The comprehension of the strategy of sustaining the focus on public transportation required attention to the broader political context in which the protests occurred. The MPL is a leftist progressive movement that is not aligned with any political party. It had been pushing the agenda of free public transportation for at least eight years when the protests emerged. When the protests spread quickly, the movement perceived the risk of a shift in the agenda. Several demonstrators associated their presence in the streets to challenge the Workers” Party (PT) that had been ruling the country since 2003. They saw the protests as a way to publicly state their outrage against corruption cases that were going to be discussed by the Supreme Court in that same year. Empowered by the discourse of the crisis of representative democracy, they adopted a nationalist tone to “clean” the country of parties and politicians. The MPL did not want to see itself linked to these discourses. They did not present themselves against the Workers” Party (even if they did not support it), or raised flags against parties as a whole. The MPL did not support the diffuse anti-party discourse.

At the same time, however, the MPL was part of the political struggles that criticized the current practices of representative democracies and the permanent denial of the “right to the city”. Evidently, the movement did not deny the importance of education and health or the criticism of representatives. The point was that these topics were framed in different ways and they were expressed through the metaphor of a “city without turnstiles”. The idea was to show that the right to the city encompassed several rights and freedom of movement throughout the city was one of them.

“The struggle for the Free Fare is essential to assure access to public transportation. However, it is also essential because access to transportation means access to other rights: the school, the hospital, the theater. It thus unifies all social struggles. [...]

According to the National Association of Urban Transportation Companies, 37 million Brazilians do not have money to pay for fares regularly. This means that they are excluded not only from transportation, but of all other rights. The turnstile that segregates people is not only on buses. The city is full of turnstiles, many of them invisible, obstructing the access to health, education, sports, leisure, other neighborhoods, downtown” (MPL’s Booklet, pp.3-4, Facebook, June, 25 2013).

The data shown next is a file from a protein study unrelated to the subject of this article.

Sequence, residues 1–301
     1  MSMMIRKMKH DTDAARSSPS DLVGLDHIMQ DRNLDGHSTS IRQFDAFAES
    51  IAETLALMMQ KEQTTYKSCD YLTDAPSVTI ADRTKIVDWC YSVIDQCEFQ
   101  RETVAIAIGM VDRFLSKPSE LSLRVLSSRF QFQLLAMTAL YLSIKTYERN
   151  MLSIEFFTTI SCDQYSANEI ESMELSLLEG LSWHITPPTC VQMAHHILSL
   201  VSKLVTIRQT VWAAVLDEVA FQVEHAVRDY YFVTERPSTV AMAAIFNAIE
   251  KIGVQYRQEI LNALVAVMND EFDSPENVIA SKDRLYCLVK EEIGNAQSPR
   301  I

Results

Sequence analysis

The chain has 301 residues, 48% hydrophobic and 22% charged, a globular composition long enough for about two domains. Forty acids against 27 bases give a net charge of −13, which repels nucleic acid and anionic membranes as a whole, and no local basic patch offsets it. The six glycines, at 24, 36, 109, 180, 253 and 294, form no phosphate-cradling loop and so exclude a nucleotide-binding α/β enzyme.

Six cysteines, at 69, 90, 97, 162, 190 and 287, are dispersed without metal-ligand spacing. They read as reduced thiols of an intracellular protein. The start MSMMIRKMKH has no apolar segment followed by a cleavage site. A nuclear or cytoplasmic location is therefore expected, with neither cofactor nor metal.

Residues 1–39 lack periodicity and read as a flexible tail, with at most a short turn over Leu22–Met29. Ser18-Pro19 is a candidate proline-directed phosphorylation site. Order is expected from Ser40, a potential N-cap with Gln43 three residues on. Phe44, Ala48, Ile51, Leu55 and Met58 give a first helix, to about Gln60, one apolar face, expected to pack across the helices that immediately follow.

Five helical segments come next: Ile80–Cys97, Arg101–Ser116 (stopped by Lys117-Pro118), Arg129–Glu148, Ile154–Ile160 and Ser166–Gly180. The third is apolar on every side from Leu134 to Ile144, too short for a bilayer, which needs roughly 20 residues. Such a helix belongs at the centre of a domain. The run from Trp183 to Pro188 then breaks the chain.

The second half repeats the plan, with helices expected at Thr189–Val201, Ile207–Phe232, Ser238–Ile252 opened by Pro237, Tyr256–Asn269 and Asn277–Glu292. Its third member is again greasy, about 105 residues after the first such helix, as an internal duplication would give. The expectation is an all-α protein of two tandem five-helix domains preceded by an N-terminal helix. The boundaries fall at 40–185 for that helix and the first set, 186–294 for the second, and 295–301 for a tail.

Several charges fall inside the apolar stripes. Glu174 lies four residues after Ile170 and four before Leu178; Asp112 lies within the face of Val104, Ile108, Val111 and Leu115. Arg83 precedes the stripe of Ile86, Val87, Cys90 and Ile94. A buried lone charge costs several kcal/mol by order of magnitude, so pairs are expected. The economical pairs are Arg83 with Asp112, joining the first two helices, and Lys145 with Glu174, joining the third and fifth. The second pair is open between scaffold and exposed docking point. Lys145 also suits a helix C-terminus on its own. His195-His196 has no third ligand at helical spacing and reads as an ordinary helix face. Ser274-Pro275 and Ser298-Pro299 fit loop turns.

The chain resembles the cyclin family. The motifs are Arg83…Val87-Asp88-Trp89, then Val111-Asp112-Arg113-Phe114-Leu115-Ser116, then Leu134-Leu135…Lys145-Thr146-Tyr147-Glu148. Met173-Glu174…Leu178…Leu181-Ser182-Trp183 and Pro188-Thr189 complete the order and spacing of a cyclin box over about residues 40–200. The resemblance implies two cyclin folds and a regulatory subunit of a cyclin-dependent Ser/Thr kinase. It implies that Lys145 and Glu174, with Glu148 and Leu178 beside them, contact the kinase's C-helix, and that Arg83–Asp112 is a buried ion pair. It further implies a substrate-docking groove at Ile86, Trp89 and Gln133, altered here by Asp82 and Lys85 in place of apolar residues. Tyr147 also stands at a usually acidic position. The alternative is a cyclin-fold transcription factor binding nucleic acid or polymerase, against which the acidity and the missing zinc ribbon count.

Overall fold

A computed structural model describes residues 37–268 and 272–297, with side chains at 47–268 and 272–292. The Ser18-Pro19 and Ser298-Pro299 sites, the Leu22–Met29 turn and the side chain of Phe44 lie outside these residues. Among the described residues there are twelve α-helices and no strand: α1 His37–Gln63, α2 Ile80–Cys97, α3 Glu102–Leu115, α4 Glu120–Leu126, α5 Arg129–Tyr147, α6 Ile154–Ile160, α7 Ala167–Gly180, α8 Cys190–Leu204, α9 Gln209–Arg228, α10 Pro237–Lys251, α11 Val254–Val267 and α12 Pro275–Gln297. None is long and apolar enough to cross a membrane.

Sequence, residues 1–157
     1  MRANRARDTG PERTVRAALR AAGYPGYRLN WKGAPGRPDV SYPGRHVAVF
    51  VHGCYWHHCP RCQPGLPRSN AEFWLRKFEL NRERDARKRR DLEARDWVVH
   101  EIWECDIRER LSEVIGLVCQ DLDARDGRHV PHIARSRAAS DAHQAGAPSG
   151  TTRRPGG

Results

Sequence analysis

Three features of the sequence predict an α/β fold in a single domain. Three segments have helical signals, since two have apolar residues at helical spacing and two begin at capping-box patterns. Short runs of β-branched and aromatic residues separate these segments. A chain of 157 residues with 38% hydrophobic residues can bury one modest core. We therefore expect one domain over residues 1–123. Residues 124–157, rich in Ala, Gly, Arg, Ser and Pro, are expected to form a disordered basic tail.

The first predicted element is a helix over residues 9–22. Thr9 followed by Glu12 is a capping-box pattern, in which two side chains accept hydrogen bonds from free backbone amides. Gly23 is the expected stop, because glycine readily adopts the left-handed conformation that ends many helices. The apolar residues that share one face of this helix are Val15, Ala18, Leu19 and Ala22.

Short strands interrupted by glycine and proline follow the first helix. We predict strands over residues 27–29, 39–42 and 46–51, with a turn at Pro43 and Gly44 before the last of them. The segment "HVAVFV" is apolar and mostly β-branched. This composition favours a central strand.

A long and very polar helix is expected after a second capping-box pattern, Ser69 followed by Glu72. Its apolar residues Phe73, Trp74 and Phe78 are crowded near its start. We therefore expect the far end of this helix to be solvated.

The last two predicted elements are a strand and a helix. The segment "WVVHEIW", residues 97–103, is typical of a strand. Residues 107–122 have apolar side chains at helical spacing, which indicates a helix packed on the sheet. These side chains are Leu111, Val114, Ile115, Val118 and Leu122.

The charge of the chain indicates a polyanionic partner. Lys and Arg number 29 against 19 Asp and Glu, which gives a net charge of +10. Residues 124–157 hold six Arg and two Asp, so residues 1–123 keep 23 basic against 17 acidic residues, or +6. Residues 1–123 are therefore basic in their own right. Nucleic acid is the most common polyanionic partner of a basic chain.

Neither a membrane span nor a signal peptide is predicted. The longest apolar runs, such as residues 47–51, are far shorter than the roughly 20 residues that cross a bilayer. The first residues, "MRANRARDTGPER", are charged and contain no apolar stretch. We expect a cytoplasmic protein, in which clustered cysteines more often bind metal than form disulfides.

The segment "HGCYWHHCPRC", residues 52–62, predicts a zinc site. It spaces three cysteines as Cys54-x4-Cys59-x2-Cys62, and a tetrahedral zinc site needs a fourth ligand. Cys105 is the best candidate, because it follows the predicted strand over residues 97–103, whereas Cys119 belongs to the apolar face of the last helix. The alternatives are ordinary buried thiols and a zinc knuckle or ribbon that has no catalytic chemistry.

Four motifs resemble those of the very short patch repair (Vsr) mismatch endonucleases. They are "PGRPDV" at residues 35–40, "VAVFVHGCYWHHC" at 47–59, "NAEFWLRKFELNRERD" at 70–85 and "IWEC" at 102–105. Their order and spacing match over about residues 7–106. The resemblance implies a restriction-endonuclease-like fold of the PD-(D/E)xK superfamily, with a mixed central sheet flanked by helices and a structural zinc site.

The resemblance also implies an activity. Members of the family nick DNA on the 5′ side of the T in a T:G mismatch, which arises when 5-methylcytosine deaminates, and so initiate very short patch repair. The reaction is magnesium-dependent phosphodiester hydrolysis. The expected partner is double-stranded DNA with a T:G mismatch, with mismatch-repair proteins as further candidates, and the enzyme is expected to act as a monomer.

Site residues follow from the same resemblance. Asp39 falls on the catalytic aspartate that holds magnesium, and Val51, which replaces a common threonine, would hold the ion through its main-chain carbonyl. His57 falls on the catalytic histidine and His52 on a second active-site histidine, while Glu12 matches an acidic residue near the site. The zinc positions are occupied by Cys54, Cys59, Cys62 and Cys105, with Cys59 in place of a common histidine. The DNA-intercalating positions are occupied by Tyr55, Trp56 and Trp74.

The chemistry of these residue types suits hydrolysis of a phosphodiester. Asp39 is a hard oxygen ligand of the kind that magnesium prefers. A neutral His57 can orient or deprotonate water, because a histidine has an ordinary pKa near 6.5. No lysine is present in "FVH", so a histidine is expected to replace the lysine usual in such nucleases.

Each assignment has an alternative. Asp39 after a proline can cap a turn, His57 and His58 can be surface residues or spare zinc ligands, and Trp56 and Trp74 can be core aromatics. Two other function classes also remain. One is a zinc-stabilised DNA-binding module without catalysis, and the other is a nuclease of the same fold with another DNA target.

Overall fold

The MPL’s struggle was against the obstacles, expressed by the metaphor of “turnstile”, which denied opportunities and rights to poor citizens. A life without turnstiles depends, they argued, on a broad struggle against the segregation generated by transportation fares. Such discursive frame helped the MPL to relate its demands to the broader agenda circulated within the public sphere without losing its focus. It also helped the MPL to rebut a criticism directed to them for their insistence in the initial cause. A post from OGA published a few days earlier illustrates this criticism:

“Once upon a time, there was the Free Fare Movement, a movement with half a dozen communists that unintentionally has been able to trigger the outrage of all social classes. They have sold themselves and stopped. THE END! THE GIANT IS AWAKE AND WILL GO ALL THE WAY THROUGH SO THAT BRAZIL BECOMES A JUST COUNTRY!”

Through the metaphor of the “city without turnstiles” the movement linked its focus to a broader agenda of rights, claiming to be struggling for a just society and challenging the argument that it had given up. It attempted to show how the “cause” it attributed to the protests encompassed many other causes, without becoming a loose cannon. It used frame bridging, in Snow et al. (1986) terms, in order to link the original demand to other claims and feelings publicly expressed along the protests. However, in the symbolic struggles that constituted the protests, OGA argued that fares and issues related to public transportation were nothing but a trigger for the expression of accumulated indignation against the political system. They attempted to promote frame transformation, challenging the interpretation of the ongoing struggle around transportation, and pushing a nationalist frame according to which what was going on was a defense of the country.

V.2. The Case of Turkish Protests: Protection of the park vs democratic rights

The posts on two selected Facebook pages, Taksim Solidarity (TS)7 and Prime Minister Recep Tayyip Erdogan (RTE), present examples of the symbolic struggles that took place during the first 30 days of the Gezi Park protests in 2013. At the background of these struggles stand the question over the legitimacy of the protests underpinned by contested understandings of democracy. The posts on the RTE page emphasize electoral democracy as the only legitimate way of collective decision-making and seek to de-legitimatize the political power of the protests. The posts on the TS page, in contrast, portray protesting as a democratic right of individuals, especially in a political regime becoming increasingly authoritarian. These different understandings of the legitimacy of protests as a political activity stand at the background of further contestations over the causes of the protests.